For the last few months, I’ve been spending my vacation time back and forth between my mother’s home and my then boyfriend’s home. My free time granted me the opportunity to spend larger amounts of time with my mother than I have in years. If you know my mother and I, we are very much communicators – we tend to want to talk about everything, even when the other person doesn’t feel like it (lol). In one of our many conversations this summer, we discussed the differences in how I view my life and how she views my life. I explained that my current life is a little less than desirable – I live in an apartment that I can’t stand, away from most of my friends, my job is extremely tough, my relationship is over, and I have been feeling lonely. However, she shared that when she views me she sees my independence away from home, my ability to persevere through the tough times at work, my drive to pursue my master’s degree, my desire to encourage little girls, and my choice to share parts of myself through my blog.
The entire time we talked, I just felt like she wasn’t getting it. How else could I say, yes those are all great when you word it that way, but life still feels SUCKY. I expressed my desire to move and find a new job closer to my family, in search of happiness. She responded, “What is your definition of happiness? Sometimes you have to find happiness in small things. If I relied on my job, this house, my marriage to be the general basis for happiness I’d never be happy! Everything is hard! Life is hard, the responsibility of buying this new house was hard, being married is hard, but you have to find aspects of those larger things that bring you happiness.” Years ago, I gifted her a grateful jar in order to write down things she was grateful for each day and I was suddenly feeling like I needed it back.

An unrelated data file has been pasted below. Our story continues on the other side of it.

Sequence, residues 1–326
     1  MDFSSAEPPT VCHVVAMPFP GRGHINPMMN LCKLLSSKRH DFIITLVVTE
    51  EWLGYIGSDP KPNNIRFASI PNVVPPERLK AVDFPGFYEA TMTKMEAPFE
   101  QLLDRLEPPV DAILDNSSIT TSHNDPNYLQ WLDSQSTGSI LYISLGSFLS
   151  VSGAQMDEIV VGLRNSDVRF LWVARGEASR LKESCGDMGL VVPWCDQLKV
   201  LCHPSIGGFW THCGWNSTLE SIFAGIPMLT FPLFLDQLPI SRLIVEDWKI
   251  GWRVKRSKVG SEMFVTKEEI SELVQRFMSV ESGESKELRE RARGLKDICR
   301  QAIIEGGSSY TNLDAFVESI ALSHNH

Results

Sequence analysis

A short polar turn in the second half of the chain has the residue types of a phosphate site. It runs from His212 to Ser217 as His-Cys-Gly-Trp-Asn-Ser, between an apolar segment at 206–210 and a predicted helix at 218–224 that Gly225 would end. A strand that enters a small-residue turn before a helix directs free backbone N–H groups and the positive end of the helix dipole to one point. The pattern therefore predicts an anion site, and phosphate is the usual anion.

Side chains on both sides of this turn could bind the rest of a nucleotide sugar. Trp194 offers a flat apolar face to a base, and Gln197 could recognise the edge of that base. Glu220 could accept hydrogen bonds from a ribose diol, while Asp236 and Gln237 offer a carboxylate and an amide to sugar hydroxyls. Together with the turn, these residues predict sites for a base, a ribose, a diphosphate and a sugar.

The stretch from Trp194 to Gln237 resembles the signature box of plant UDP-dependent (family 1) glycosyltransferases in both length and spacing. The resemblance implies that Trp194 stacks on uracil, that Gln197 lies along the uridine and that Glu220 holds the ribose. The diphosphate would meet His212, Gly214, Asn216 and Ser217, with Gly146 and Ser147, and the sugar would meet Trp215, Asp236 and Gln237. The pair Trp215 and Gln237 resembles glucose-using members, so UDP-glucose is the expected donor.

Since then, I’ve been going to sleep every night asking myself what small thing has brought me happiness from that day. It is rare that everything will go right every single day, but it wasn’t until I started thinking about my small victories each day that I became happier in the space that I’m in. We must accept that there isn’t anyone or anything that will bring us extreme happiness all the time. Three weeks ago, I was ready to give up my entire life and create a new one in search of happiness. I have been justifying my decision making using the thinking that I might as well try a million things while I’m still young and unmarried without children. But who’s to say I was going to find it? While I’ve always heard this, it is extremely difficult to practice the belief that happiness can be found within. In choosing what makes me happy, I will remain happy no matter where I work, where I live, and what else is going on in my life. I encourage you to ask yourself, “what made me happy today?” By finding happiness in small things, you are creating lasting happiness within.